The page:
At the outset we recognize that the constitutional prohibition is not limited to sanctions which involve torture or other barbaric modes of punishment. Since Weems v. United States, 217 U.S. 349, 30 S.Ct. 544, 54 L.Ed. 793 (1910) there has been a growing acceptance of the proposition that punishment which is disproportionate to the gravity of the crime committed is violative of the Eighth Amendment. Downey v. Perini, 518 F.2d 1288 (6th Cir.), vacated and remanded, 423 U.S. 993, 96 S.Ct. 419, 46 L.Ed.2d 367 (1975); Griffin v. Warden, 517 F.2d 756 (4th Cir.), cert. denied, 423 U.S. 990, 96 S.Ct. 402, 46 L.Ed.2d 308 (1975); In re Lynch, 8 Cal.3d 410, 105 Cal.Rptr. 217, 503 P.2d 921 (1973); People v. Lorentzen, 387 Mich. 167, 194 N.W.2d 827 (1972); Wheeler, Toward a Theory of Limited Punishment: An Examination of the Eighth Amendment, 24 Stanford L.Rev. 838, 853 (1972); Granucci, "Nor Cruel and Unusual Punishments Inflicted:" The Original Meaning, 57 Calif.L.Rev. 839 (1969); Note, Drug Abuse, Law Abuse and the Eighth Amendment: New York's 1973 Drug Legislation and the Prohibition against Cruel and Unusual Punishment, 60 Cornell L.Rev. 638, 645-46 (1975); 44 Fordham L.Rev. 637 (1975). This principle was recognized by the district court here as well as the New York Court of Appeals in Broadie. We do not take issue therefore with the principle applied but rather find that the court below erred in its application.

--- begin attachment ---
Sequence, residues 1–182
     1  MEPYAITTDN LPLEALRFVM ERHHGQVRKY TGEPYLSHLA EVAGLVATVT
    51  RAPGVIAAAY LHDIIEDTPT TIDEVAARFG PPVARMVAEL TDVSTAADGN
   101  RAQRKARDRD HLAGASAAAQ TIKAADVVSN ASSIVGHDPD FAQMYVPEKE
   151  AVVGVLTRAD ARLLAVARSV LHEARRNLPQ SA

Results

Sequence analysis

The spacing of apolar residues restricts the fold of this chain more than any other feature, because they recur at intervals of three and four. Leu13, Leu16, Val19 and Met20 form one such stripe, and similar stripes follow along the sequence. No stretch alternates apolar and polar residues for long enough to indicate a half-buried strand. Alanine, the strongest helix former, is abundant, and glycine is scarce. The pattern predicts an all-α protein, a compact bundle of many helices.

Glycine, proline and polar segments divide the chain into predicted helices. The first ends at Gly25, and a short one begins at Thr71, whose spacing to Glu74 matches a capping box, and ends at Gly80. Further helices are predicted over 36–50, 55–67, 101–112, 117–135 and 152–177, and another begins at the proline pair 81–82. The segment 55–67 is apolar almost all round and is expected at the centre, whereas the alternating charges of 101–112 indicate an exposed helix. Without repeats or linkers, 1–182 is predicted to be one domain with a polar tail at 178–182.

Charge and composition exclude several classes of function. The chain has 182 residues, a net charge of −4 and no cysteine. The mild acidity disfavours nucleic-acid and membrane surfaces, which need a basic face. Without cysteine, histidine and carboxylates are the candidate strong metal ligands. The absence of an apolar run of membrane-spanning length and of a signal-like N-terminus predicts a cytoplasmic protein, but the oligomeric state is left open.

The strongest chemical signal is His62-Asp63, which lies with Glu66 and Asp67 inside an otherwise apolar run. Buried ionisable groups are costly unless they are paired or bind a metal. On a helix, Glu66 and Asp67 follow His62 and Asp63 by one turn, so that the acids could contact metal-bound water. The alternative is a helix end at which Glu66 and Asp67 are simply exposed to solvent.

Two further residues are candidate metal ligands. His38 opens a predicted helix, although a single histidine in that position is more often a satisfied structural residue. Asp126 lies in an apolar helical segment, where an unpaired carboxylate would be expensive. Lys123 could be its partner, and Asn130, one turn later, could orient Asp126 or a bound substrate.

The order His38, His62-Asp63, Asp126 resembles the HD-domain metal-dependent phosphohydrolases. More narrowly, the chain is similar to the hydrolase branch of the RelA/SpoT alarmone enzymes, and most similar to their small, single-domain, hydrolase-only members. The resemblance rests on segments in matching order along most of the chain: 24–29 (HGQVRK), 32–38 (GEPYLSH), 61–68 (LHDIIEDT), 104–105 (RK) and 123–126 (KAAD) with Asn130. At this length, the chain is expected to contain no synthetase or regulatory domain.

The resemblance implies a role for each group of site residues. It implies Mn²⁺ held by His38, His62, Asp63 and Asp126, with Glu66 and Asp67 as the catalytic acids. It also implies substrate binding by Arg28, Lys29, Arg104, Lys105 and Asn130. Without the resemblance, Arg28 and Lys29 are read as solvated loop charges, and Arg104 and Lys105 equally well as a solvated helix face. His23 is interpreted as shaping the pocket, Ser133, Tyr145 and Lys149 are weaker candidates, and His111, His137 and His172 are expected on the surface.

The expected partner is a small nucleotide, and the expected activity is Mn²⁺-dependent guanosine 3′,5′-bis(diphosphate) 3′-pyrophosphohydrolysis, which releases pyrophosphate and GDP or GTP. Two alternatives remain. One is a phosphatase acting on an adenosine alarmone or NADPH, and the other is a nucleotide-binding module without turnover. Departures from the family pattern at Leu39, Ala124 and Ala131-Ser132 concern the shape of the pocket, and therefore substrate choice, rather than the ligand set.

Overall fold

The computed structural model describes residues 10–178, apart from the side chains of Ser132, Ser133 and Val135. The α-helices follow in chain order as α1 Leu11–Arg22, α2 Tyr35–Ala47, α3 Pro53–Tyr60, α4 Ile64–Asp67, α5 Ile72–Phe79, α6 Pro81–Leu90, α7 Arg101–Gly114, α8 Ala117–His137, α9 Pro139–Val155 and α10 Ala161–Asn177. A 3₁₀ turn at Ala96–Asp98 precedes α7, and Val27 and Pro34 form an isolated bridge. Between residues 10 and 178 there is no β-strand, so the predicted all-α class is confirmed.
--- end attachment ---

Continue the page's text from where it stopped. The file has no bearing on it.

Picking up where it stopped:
There is no direct authority in the Supreme Court to guide us since, as the district court acknowledged, 436 F.Supp. at 1163, that Court has never found a sentence imposed in a criminal case violative of the Eighth Amendment merely because of its length. Downey v. Perini, supra ; 44 Fordham L.Rev. 637, 644 (1975). Since the passage of the Eighth Amendment a majority of the Supreme Court has struck down only two non-capital punishments as cruel and unusual. Both involved elements of cruelty and not simply excessive terms. 5 The...